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Eta still poses flood hazards in Central America: NPR



Men walk along Wednesday’s flooded road in Toyos, Honduras, after heavy rains from Eta cause a river to overflow.

Orlando Sierra / AFP via Getty Images


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Orlando Sierra / AFP via Getty Images

Men walk along Wednesday’s flooded road in Toyos, Honduras, after heavy rains from Eta cause a river to overflow.

Orlando Sierra / AFP via Getty Images

Tropical Storm Eta, which hit the Nicaragua coast as a strong Category 4 hurricane, continued to pour heavy rains on the area, cleaning roads to remote communities and causing life-threatening flash floods. .

During 10 am ET consulting Wednesday, the US National Hurricane Center is Eta’s headquarters approximately 135 miles north-northeast of the capital, Managua, with winds of 50 mph. It is moving westward at 7 mph and is expected to accelerate by the end of Wednesday.

In Bilwi, a town of about 60,000 people where the storm hit Tuesday, people still have no electricity. Tens of thousands of people were left homeless, most of them built of wood with metal roofs. At least three people died from the landslide, including two gold diggers in Nicaragua and a 13-year-old girl from neighboring Honduras.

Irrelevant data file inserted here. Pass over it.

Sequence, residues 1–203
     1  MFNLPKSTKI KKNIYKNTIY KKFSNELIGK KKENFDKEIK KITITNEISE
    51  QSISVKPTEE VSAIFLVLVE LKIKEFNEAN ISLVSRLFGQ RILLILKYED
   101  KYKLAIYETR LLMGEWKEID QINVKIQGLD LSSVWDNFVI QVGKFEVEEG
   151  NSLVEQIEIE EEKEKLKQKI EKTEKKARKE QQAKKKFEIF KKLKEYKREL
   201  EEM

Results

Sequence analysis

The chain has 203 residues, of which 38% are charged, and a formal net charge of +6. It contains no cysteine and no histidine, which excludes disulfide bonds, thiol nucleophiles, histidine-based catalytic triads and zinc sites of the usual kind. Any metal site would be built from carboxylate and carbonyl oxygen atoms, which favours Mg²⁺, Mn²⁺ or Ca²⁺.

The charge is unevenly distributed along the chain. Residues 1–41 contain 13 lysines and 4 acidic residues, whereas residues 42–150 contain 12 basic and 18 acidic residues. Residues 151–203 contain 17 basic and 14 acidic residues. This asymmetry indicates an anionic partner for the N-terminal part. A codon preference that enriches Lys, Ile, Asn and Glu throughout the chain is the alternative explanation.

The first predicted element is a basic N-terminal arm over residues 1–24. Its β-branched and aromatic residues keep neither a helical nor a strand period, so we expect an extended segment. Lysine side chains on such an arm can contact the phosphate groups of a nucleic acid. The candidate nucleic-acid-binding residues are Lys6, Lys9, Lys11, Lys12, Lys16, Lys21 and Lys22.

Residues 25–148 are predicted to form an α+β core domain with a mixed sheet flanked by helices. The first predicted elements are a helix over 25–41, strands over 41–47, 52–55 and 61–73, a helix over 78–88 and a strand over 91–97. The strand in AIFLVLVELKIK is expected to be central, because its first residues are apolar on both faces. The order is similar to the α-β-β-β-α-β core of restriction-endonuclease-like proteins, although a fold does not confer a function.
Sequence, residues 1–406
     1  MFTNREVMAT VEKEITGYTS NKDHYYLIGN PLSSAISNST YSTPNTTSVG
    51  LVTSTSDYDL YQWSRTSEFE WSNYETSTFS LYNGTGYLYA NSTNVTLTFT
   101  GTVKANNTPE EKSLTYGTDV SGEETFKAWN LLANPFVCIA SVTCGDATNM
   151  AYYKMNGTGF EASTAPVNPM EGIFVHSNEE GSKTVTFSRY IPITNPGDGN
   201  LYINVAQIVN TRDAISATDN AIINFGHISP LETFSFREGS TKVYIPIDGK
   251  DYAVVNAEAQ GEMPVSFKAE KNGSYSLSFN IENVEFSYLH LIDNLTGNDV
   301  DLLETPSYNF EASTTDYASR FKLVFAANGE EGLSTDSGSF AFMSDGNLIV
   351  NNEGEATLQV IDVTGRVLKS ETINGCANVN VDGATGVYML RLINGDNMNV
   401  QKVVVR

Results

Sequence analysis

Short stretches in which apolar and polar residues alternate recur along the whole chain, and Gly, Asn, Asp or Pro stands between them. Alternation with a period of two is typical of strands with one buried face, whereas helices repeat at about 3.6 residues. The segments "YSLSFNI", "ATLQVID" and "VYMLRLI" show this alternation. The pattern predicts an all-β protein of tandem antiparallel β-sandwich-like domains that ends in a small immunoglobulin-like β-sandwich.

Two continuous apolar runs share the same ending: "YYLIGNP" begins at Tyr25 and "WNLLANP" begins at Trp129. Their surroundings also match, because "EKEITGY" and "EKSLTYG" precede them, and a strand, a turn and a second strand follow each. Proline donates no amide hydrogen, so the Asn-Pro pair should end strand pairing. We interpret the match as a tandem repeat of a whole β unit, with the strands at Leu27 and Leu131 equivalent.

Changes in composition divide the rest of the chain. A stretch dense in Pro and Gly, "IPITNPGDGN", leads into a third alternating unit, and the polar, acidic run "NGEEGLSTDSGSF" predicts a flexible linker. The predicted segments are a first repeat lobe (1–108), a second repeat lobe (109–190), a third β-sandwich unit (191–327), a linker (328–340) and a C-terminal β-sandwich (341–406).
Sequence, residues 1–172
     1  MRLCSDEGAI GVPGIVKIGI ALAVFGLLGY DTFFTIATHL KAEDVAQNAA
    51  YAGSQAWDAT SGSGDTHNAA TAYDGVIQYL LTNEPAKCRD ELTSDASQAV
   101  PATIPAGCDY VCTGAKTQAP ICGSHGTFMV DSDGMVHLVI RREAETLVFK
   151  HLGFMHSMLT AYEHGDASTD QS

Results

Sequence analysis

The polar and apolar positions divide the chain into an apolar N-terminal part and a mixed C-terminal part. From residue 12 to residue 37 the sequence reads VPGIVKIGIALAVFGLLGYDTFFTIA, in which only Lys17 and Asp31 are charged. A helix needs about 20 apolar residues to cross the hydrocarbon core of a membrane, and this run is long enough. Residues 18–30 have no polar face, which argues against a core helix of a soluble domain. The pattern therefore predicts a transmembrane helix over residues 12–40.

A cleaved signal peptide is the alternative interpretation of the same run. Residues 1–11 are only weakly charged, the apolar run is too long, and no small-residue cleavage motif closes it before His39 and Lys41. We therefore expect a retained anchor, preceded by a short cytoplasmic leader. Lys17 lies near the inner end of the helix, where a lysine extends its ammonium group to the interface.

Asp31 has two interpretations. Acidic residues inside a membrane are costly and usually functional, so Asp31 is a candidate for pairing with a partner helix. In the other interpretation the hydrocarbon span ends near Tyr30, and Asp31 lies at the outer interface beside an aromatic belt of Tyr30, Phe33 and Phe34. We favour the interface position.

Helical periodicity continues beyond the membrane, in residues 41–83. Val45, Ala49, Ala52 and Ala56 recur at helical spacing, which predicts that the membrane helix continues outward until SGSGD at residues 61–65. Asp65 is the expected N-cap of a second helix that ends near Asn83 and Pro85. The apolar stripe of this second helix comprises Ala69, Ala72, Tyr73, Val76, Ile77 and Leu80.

Heavy rainfall caused a wall to collapse, flooding the waist of a prison in the city of El Progreso, northern Honduras and forced the evacuation of more than 600 prisoners, police commissioner quoted local.

In Honduras, rivers and towns on the Atlantic coast were flooded, and landslides made roads impassable. Even so, Vice President Nicaragua Rosario Murillo said the initial damage was less than frightening.

Cairo Jarquin, Nicaragua’s director of emergency response projects for the Catholic Relief Services, said the immediate concern is providing food and water to remote communities in northeastern Nicaragua, many of them. can now be cut off by floodwaters.

Despite a significant decline in strength, Eta, one of the strongest storms to hit Central America since the deadly Hurricane Mitch of 1998, continues to cause concern, the National Hurricane Center warns. Rainfall is expected to decrease further by 10 to 20 inches in Nicaragua and Honduras, and 15 to 25 inches in eastern Guatemala and Belize as well as substantial amounts in Panama and Costa Rica.

Over the weekend, Eta is expected to turn right back to the Caribbean and reorganize, after which it could strike Cuba over the weekend and possibly Florida on Monday.


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